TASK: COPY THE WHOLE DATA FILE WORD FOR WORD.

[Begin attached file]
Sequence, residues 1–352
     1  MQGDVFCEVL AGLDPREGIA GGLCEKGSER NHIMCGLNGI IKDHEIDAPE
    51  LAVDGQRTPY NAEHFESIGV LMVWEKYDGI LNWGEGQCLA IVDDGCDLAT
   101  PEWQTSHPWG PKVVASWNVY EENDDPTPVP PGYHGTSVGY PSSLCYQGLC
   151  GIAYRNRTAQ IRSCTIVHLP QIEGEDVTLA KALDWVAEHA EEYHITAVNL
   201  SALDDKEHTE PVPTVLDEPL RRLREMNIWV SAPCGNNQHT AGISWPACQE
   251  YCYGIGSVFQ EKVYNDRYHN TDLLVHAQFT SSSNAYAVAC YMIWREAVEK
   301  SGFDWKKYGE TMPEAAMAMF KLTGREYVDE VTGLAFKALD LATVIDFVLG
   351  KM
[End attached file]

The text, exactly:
Sequence, residues 1–352
     1  MQGDVFCEVL AGLDPREGIA GGLCEKGSER NHIMCGLNGI IKDHEIDAPE
    51  LAVDGQRTPY NAEHFESIGV LMVWEKYDGI LNWGEGQCLA IVDDGCDLAT
   101  PEWQTSHPWG PKVVASWNVY EENDDPTPVP PGYHGTSVGY PSSLCYQGLC
   151  GIAYRNRTAQ IRSCTIVHLP QIEGEDVTLA KALDWVAEHA EEYHITAVNL
   201  SALDDKEHTE PVPTVLDEPL RRLREMNIWV SAPCGNNQHT AGISWPACQE
   251  YCYGIGSVFQ EKVYNDRYHN TDLLVHAQFT SSSNAYAVAC YMIWREAVEK
   301  SGFDWKKYGE TMPEAAMAMF KLTGREYVDE VTGLAFKALD LATVIDFVLG
   351  KM